Sad Romani

In all seriousness, this quest was one of the highlights of Majora’s Mask for me. It doesn’t change any of the game’s basic mechanics, but uses them in such an eccentric setting that I can’t help but smile all the way through. Zelda games have always had a penchant for the strange, but this is a different brand entirely; whereas characters like Tingle fit into the world of Zelda and, even beyond that, help create that world, Aliens are nonsensical even in the preexisting context of The Legend of Zelda. These off-the-wall moments go a long way towards giving players a break from the main quest, which is particularly important in Majora’s Mask, a game that has a relatively heavy storyline and tone. Sidequests like this help prevent player fatigue; while I frequently take a couple of weeks off from an implacable, long title like Metal Gear Solid V or a JRPG, the more preposterous moments sprinkled throughout Majora’s Mask mean that no such concessions are necessary.

The next 3D installment in the franchise, The Wind Waker, gives us a number of interesting and unique moments. One that takes place early in the game is Link’s first trip to the Forsaken Fortress. Here, players are totally helpless: imprisoned in an enemy stronghold with nothing but the clothes on their back and Link’s guileless charms to save their sister and evade their foes.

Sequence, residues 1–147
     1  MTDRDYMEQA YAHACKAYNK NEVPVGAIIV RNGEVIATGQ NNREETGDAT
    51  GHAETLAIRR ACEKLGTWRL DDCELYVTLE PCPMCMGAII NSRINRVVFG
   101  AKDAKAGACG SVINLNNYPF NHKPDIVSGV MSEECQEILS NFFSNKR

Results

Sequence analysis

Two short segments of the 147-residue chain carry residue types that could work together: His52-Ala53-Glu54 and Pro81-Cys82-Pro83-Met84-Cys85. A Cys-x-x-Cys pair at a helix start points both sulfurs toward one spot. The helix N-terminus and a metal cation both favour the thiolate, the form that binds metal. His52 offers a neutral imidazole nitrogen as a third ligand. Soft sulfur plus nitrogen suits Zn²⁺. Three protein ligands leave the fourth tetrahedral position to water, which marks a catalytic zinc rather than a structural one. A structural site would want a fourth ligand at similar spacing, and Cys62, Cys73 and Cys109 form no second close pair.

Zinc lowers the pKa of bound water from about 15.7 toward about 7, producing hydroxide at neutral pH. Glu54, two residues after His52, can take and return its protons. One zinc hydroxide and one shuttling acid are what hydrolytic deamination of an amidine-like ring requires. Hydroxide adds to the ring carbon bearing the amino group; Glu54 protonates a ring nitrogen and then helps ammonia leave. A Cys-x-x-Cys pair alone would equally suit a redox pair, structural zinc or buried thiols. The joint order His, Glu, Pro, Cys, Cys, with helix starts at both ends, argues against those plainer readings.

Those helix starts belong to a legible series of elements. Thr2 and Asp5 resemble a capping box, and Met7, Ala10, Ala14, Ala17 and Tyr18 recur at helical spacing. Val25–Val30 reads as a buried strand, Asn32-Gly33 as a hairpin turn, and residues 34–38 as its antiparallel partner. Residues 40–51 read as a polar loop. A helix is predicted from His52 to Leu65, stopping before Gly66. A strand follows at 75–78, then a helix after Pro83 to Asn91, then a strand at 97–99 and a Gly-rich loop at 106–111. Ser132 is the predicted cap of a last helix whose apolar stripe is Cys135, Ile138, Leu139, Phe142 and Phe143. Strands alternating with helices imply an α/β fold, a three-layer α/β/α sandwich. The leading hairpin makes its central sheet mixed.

This is hardly the first or last occasion on which stealth made an appearance in the Zelda franchise, as Ocarina of Time saw Link break out of a Gerudo base and Skyward Sword saw Link use a similarly stripped-town toolset to evade Bokoblin guards, but The Wind Waker really goes all the way. This section isn’t exactly brief; on a first play through, players may spend half an hour roaming around in an attempt to find your way to the top of the place, and it feels fully featured, at least as much as any action-adventure game is supposed to in regards to a stealth section. This segment also does a great job at introducing Link’s ability to steal weapons from his foes; climbing to the top of a watchtower, “procuring” a Bokoblin’s club, and promptly beating them to death with their own weapon is incredibly satisfying, especially after being forced to hide from your opponents for so long. Speaking of payoff, I would be in remiss if I didn’t mention players’ return visit to the Forsaken Fortress later on in the game, Master Sword in hand. Whereas your first, subterfuge-filled trip ends with getting flung from the top of the enemy stronghold, your mission ending in abject failure, the second visit culminates in players getting to bring some pain onto the Helmaroc King in the form of a Skull Hammer to its avian face.